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by Jack Sommersby

"Double Trouble"
1 stars

Try an episode of the old TV sitcoms "Alf" instead.

The sci-fi/horror picture Creature, directed, co-written and co-produced by William Malone, is a blatant knockoff of Ridley Scott's extraordinary 1979 Alien that doesn't possess a whole lot in the way of imagination and little genuine reason for being. It's set on Titan, Jupiter's largest moon, where at the beginning a German space crew is gruesomely done in by a long-hibernating monster that breaks out of its chamber and proceeds to systematically slaughter all but one of the twenty-two crew members. Then an American crew descends upon Titan to acquire the deadly parasite, but their ship is severely damaged during landing, their oxygen supply starts being depleted, and they're temporarily stranded doing battle with the two-hundred-thousand-year-old slimy monster consisting of a lot of sharp fangs and two glowing red eyes. To offset the production's low budget Malone minimally uses the title antagonist and has parasites from it attach themselves to its victims, reanimating the corpses where they attack their former crew members, so actors with meager makeup can bear the brunt of the screen time whereas the alien itself can be sporadically utilized, and it just doesn't come off. Creature was shot in widescreen, but the director hasn't much instinct when it comes to the 2.35:1 aspect ratio - the compositions are mostly flat and give the proceedings a rather doughy appearance with overused, monochromatic blue lighting depriving the movie of tantalizing texture; in the entire ninety-minute running time there isn't so much as a single expressive image to be had. Granted, there are a couple of semi-neat special effects involving the infected crew's faces melting and being torn off, but the alien itself is cheap-looking and unconvincing, direly lacking the horrific primal terror of the shape-changing intergalactic monstrosity the master effects artist Carlo Rambaldi brought to Scott's box-office classic. All in all, Creature isn't terrible per se but is terribly ordinary - it never sparks the imagination the way true science fiction should, and doesn't instill a palpable sense of dread true horror tales badly need. It's negligible nonsense without a single scare to its credit, though it is afforded some temporary liveliness when the renowned out-there Klaus Kinski makes a cameo appearance as the sole German survivor, chewing up the scenery as if it were sauerkraut-smothered filet mignon and giving his single scene a healthy dose of true vitality that leaves the rest of the mediocre cast in the absolute dust.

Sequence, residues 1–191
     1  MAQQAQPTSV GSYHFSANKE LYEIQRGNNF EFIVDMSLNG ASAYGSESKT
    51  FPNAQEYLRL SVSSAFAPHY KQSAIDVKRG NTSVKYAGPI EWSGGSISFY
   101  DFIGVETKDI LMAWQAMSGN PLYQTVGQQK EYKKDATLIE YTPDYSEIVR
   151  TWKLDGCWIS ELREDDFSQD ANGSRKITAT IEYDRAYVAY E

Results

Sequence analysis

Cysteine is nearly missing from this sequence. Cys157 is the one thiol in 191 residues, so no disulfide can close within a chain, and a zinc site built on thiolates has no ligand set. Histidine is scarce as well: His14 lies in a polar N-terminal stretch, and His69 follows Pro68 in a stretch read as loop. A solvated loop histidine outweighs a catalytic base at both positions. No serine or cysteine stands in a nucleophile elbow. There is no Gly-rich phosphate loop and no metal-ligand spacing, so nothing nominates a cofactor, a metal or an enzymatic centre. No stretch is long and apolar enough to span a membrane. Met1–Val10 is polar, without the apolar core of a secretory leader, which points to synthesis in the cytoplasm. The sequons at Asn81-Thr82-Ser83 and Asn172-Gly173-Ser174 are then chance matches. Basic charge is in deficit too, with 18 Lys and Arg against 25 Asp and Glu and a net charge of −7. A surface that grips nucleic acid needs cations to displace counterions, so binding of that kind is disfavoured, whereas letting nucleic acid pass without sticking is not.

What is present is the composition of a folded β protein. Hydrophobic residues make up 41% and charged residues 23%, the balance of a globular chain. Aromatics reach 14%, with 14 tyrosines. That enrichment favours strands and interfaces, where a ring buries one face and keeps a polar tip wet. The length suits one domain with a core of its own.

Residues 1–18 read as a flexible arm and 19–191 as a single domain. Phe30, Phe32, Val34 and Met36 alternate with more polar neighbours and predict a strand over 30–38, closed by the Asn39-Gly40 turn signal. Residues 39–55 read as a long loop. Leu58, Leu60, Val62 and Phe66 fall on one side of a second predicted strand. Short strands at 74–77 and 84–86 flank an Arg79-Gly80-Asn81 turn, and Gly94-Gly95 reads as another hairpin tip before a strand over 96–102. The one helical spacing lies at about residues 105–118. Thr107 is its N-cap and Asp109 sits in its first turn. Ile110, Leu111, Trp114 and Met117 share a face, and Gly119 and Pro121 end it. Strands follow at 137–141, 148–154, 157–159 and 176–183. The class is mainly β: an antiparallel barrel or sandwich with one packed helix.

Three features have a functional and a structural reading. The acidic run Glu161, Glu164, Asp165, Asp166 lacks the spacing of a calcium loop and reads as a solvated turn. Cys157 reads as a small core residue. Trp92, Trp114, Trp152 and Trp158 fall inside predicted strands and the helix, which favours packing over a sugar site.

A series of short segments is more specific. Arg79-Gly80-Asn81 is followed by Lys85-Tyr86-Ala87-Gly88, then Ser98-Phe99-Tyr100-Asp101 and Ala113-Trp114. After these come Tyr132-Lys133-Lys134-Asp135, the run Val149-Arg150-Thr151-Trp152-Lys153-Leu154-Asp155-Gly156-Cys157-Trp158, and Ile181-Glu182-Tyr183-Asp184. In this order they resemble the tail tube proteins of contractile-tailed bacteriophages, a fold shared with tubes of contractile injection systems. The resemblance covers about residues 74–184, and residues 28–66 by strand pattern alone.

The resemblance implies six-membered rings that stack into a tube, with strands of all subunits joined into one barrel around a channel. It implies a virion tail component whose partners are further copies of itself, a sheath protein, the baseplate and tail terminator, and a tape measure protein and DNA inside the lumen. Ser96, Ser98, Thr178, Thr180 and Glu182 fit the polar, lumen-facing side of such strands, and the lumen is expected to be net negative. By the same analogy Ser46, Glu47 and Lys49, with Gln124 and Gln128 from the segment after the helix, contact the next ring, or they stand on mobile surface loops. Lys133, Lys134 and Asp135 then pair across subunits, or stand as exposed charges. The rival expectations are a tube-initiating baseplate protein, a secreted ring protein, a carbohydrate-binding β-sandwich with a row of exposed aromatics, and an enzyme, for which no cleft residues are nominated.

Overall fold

Truly detestable is the abominable British production Inseminoid, another Alien clone that's outright boring when it isn't downright repugnant. A group of archeologists on a deep-space expedition visit a strange uncharted planet with two suns that holds an underground tomb where previous life-forms existed. They explore and come across some radioactive crystals that give off an incredible force; after some scientific tests it's determined they're in fact a food source for an inimical creature, which when (unimpressively) revealed at the thirty-minute mark kills one man and abducts his female partner, lays her on a table, and vaginally impregnates her with lots of sickly green seminal fluid. As was the case with Creature the movie attempts to hide its meager budget by making the central villain the character who's been grotesquely knocked up - she turns quintessentially homicidal and does in the crew members with superhuman strength while in between emitting oodles and oodles of painful pre-natal groans and shouts that after a short while were, in my book, amorally fixated on a woman's suffering. (John Hurt's doomed second-in-command in Alien went the whole childbirth thing, but it wasn't lingered over to the dubious degree it is here where you have nothing but contempt for the moviemakers.) The director, Norman J. Warren, has no discernible talent to remotely speak of, thrusting one unremarkable, poorly-shaped scene after another onto the silver screen to such a ruinous degree it's a real miracle they managed to stick to celluloid in the first place; there's zero in the way of atmosphere or suspense to be had, and time and time again you can't help being disgusted at how cheaply exploitive the screenplay is with the invention level in the negative double-digits. (I've seen dog-food commercials with more artistic integrity.) Inseminoid has no purpose but to disgust, and it wears this disreputable honor proudly as if turning off an audience were synonymous with "risk-taking," but truly enjoyable works of art on a guilty-pleasure level recognize genre expectations and infuse them with imaginative elements, much like the excellent 1982 Roger Corman-produced Alien clone Forbidden World had in spades, with the lurid violence and gratuitous nudity in good spirit and was all of a disarming piece - leaving the theater afterward you didn't feel rotten for having sat through its breezy seventy-seven-minute running time. By the same token, witnessing the insidious Inseminoid is akin to watching a white-trash simpleton drown puppies for ninety-two minutes and seeing his rotted-toothed grin proudly acknowledging his dastardly deed.


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originally posted: 12/17/20 13:37:11
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